newbie conceptual question [from haskell list]

Frank Atanassow
Wed, 25 Jul 2001 17:51:13 +0200

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David Hughes wrote:
> > It seems to me that I can still use functional
> > programming paradigm with an imperative language. How can I benefit more
> > from a functional programming language (i.e.Haskell)?

> Point One: functional languages are powerful. [..]
> Point Two: functional languages are beautiful. [..]
> Point Three: functional languages are robust; [..]

These things are nice, but the more I learn about functional languages, the
more I feel that they are only icing on the cake. The most important thing
about functional languages is that we know _what they are_, and that they
can be characterized in a regular fashion which is amenable to analysis; in
other words, we know how to reason about them, and what sorts of properties
functional programs satisfy.

Saying that a language "satisfies nice properties" sounds abstract and
useless to some people who just want to get things done, but I really
believe that it helps not only researchers who know know how to read and use
formal semantics, but also everyday programmers, because they absorb some of
these reasoning methods and then start using them intuitively and
unconsciously. For example, every Haskell programmer has some grasp of
referential transparency, and uses it implicitly every time he thinks about
how to structure or rearrange his programs.

Of course, this argument holds for any "simple" language, not just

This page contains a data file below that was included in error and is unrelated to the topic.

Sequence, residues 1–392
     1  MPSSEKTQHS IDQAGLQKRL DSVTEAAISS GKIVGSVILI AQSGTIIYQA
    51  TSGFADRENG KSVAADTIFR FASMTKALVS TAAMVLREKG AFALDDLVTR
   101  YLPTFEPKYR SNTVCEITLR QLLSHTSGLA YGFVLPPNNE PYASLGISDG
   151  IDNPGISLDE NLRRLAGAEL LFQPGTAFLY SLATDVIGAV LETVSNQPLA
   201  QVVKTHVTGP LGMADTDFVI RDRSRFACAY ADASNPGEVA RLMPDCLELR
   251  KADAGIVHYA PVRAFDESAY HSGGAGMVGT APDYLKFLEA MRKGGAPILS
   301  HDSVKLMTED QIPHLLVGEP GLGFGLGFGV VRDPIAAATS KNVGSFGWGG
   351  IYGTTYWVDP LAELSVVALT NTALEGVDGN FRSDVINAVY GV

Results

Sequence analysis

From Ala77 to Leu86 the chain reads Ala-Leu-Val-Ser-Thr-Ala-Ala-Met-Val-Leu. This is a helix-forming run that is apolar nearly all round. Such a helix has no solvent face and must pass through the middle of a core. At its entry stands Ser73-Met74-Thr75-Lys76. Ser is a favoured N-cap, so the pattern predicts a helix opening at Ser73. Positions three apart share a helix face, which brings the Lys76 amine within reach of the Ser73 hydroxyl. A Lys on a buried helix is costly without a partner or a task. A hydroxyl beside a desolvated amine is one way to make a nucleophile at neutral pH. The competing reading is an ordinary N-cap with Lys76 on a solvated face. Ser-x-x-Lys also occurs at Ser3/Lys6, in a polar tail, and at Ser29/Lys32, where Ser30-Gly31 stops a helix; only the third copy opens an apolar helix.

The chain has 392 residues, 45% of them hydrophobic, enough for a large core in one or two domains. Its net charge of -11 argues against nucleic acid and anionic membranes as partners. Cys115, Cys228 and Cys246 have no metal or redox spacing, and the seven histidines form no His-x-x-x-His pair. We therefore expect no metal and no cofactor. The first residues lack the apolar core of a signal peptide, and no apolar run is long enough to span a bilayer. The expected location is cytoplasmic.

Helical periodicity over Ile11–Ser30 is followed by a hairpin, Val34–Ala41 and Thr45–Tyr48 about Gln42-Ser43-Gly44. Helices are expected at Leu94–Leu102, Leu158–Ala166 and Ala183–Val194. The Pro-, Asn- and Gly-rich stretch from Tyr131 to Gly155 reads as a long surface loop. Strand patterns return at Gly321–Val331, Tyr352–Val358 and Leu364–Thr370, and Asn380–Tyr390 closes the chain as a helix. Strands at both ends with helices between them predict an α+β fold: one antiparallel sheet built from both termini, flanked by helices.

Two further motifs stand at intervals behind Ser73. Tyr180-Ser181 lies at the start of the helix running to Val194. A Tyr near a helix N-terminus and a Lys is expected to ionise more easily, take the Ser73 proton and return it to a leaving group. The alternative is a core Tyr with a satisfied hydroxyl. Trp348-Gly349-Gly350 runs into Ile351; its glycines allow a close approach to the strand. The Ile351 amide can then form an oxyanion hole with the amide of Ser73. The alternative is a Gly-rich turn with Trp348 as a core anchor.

functional ones, where by "simple" I mean "easy to reason about". For
example, there are concurrent calculi of processes, object calculi and
first-order algebraic languages which also share this property, and I prefer
any of them to warty conventional languages. (And this is why I also like
SML: even though it's not referentially transparent like Haskell, I know
what sorts of properties it satisfies.)

> Point Four: functional languages are difficult are learn. [..]

I would say "there is more in functional languages to learn about than there
is in conventional languages".

I get the feeling that programmers who come into FP from more conventional
languages expect that FP will be just like C, only with a few new features
and the syntax mixed up a bit, because if you look at the world of
conventional languages---C, C++, Pascal, Java, Python, Perl, Ruby,
FORTRAN---it is almost invariably true: there is hardly any difference
between these languages, except surface syntax, and the fact that in some of
them you have to macro-define what is a built-in in another. So they are all
about the same level of difficulty, because they are really no genuinely new
concepts, or at least they are not encapsulated in the language. Also, they
are mostly implementation-defined: if you roughly know the von Neumann
architecture, then  you know what to expect.

Haskell (and ML) really is different. First, it's not
implementation-defined. Second, they satisfy some genuinely new properties.
Some of these languages have closures, for example, but they don't obey the
same properties as Haskell's higher-order functions because you don't have
referential transparency. So you have to start thinking, "OK, is this one of
those situations where I _can't_ use this property?", and pretty soon that's
all you're thinking about---the exceptions to the rule. (At least, this is
what happens to me in, for example, Emacs LISP, where closures can only be
passed downwards.) In Haskell, you never have to think about that, because
though the context may affect the efficiency of a program, it cannot affect
its meaning.

> Point Five: there's a dearth of libraries. [..]

>     Philip Wadler, "What The Hell Are Monads?"

The second one is by Noel Winstanley, not Wadler.

Frank Atanassow, Information & Computing Sciences, Utrecht University
Padualaan 14, PO Box 80.089, 3508TB Utrecht, The Netherlands
Tel +31 (0)30 253-3261 Fax +31 (0)30 251-3791